It’s cheesy, but it’s true, my father is my hero. I’ll avoid oversharing, but suffice it to say, his job is harder than yours. He’s in his sixties and he works full weeks, filled with red tape and retinas, macula and management. He is, and always has been, a badass. This began with buttons. At the age of eighteen he worked for Emsig Button & Zipper in New York City, where he toiled away for one summer, producing the very things he was trying to defy with girls. Years later, with prestige and success in his elite professional field, he still remembers working for Emsig’s, stating that sending the orders from shipping to the office with the aid of “those vacuum tubes” was the best part of the job, ’cause “the sucking sound was awesome.” If any of you out there know a thing or two about phacomulsification and the way they remove vitreous gel, you will find this funny and slightly ironic. For the rest of you, I hope that your parents were able to get the security clearance to go to the button lab and scope the new designs. My dad never followed that thread.
Rita Hayworth: Toddler vaudeville dancer
I’ve always admired Rita Hayworth, ever since I saw Gilda and Cover Girl. Something about her moxie and sex appeal spoke to me, she was less abrasive than Mae West, less vapid than Marilyn Monroe or Jayne Mansfield. Of course, I don’t have anything against modern bastions of womanhood, and I certainly wouldn’t kick Beyonce out of bed for eating crackers, but the old guard of pin-up princesses has always been where I laid my trifling female reverence. And perhaps Ms.Hayworth elicited this adoration from me as a result of her long career of charming people that began at near infancy. At the age of six she became a member of her family’s vaudeville troupe, The Cansinos, and danced for ten years with her father and sister before being discovered by Fox Studios.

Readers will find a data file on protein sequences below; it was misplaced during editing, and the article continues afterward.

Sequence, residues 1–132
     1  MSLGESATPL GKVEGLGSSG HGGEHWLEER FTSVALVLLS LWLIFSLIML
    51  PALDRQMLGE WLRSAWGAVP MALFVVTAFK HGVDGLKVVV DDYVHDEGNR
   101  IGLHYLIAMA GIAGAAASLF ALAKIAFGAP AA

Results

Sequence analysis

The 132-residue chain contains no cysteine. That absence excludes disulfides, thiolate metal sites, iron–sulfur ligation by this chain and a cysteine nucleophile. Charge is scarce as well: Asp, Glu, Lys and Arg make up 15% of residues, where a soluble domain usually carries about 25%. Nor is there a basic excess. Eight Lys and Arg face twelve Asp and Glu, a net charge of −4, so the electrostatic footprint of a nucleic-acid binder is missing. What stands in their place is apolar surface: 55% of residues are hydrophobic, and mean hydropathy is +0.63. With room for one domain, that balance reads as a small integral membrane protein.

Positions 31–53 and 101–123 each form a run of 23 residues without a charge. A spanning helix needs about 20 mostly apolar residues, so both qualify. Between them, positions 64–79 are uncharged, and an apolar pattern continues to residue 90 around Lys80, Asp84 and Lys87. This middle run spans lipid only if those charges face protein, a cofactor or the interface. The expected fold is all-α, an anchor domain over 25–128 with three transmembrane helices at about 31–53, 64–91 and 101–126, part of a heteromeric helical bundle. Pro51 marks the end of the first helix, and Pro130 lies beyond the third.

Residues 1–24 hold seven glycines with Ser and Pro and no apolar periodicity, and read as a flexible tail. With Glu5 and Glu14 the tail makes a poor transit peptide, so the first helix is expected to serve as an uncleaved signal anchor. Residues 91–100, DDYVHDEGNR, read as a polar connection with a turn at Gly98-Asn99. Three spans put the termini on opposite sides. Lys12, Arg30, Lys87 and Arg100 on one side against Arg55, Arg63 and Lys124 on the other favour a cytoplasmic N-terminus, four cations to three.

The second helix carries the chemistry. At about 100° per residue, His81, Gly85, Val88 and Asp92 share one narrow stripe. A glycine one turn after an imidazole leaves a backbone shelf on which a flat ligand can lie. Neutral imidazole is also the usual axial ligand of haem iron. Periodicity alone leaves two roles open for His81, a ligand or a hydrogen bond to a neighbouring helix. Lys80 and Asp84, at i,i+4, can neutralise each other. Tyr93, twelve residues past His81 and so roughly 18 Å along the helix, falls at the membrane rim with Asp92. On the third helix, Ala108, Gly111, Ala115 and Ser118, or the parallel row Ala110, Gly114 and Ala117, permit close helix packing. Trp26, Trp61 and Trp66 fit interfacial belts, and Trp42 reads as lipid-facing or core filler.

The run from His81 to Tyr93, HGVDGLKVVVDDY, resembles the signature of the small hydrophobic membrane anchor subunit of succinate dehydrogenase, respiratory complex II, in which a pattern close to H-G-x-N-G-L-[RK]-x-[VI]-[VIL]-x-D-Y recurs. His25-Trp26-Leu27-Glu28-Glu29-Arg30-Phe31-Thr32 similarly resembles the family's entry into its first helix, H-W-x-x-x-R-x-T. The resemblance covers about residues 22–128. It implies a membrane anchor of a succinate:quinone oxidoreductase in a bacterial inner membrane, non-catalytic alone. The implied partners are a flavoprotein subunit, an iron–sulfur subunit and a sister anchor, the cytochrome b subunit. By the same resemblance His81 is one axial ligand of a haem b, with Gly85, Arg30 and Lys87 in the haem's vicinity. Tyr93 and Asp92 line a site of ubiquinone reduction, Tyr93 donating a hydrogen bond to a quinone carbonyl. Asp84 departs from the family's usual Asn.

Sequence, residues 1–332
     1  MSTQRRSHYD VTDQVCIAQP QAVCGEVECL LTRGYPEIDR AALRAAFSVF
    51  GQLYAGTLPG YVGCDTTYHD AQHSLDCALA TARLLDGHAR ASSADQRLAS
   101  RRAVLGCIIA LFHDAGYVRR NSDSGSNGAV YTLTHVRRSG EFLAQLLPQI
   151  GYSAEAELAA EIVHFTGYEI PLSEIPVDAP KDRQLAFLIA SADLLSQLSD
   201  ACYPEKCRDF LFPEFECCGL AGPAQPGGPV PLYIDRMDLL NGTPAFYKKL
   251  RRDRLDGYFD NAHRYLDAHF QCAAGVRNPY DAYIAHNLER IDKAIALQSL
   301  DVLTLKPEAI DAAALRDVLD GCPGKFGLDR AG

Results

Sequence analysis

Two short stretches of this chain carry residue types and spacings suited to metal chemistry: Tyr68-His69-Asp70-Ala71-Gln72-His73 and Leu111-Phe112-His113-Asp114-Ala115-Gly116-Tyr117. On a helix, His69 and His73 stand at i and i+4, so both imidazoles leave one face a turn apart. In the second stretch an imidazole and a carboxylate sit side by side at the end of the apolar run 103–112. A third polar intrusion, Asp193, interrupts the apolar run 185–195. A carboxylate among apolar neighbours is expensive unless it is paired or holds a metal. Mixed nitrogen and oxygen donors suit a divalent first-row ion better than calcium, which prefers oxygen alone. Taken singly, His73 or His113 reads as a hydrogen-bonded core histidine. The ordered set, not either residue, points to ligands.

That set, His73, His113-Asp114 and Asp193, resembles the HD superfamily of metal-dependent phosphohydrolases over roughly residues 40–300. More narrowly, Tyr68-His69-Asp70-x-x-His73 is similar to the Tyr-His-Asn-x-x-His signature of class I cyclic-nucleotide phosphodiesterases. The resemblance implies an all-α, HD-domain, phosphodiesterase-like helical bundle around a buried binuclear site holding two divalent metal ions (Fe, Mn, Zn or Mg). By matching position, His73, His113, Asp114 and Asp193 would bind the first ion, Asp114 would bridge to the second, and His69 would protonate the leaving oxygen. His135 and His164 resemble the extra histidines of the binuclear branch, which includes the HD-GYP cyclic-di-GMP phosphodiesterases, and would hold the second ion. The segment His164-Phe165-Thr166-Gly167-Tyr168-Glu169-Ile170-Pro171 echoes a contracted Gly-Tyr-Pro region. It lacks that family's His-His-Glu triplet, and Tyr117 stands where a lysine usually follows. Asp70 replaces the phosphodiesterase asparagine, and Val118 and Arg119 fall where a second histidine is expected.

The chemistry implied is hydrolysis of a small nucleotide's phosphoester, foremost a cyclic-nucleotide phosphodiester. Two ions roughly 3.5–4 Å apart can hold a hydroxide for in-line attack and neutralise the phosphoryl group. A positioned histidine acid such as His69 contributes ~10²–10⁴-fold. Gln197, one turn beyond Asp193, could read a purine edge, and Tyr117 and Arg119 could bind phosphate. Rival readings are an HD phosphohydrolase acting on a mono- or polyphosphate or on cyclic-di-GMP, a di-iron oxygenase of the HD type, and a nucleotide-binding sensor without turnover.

Simon: Non-Nintendo paperboy
Of course no comprehensive inspection of the CVs belonging to those I admire would be complete without Simon. My better half, who writes, DJs, and plays Scrabble, who has kept me with him by impaling my heart on the meat-hook of his gaze, who has caught me in the non-dolphin-safe net of his laughter, began his career as a paperboy here in Norman. He can do nearly anything on a bicycle, but early-era Simon couldn’t quite keep his newspaper route beyond the age of twelve. Inertia, puberty, swim team success, and growing tired of getting up at 5AM on the weekends led to his resignation. Hey, that’s better than some of his friends, who simply stole the Sunday coupon inserts instead of going through the hassle of delivering them.
Non sequitur: Even though the economy is forcing nearly fifty percent of consumers to reign in their V-Day spending, Consumer Reports has found that a majority of people haven’t had their sex life suffer as a result of the financial shitstorm. I don’t know if this is a signal that our sex lives have collectively felt a recession for years, or if knocking boots is one of the cheapest activities you can partake in, so long as you don’t make a baby. I mean, really, why spend the money on a date when the good part costs under twenty bucks? Valentine’s Day post to come…heh, heh.
Drop me a line, tell me about your first jobs: Ainsley Drew at gmail dot calm. And thanks to all of you who donate. Being an Internet pan-handler wasn’t my first job, but it sure has been the most rewarding.